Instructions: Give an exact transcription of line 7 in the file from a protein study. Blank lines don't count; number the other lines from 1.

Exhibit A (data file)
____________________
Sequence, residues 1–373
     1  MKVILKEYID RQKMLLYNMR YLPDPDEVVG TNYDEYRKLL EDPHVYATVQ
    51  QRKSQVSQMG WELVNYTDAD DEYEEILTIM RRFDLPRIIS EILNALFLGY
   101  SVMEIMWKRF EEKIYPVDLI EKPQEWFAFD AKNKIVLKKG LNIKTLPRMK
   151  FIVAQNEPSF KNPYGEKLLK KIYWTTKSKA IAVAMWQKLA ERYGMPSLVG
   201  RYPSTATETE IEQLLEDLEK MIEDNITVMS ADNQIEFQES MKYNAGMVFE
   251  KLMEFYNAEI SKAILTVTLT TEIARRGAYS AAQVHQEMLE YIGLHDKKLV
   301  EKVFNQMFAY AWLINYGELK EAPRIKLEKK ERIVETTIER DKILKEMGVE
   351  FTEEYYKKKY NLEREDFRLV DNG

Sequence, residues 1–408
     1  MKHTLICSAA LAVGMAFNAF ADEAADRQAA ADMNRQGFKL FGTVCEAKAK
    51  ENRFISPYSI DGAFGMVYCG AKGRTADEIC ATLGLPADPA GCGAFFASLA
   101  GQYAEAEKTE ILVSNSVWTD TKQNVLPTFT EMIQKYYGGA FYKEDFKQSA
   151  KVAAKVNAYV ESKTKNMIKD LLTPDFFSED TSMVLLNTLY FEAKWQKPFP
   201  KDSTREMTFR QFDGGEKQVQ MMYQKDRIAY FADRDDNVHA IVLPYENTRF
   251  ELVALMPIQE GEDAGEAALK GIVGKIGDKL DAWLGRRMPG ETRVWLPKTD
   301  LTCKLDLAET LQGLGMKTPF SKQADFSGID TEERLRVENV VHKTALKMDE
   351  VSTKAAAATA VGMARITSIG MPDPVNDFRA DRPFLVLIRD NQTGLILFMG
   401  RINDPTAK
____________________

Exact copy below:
   251  KLMEFYNAEI SKAILTVTLT TEIARRGAYS AAQVHQEMLE YIGLHDKKLV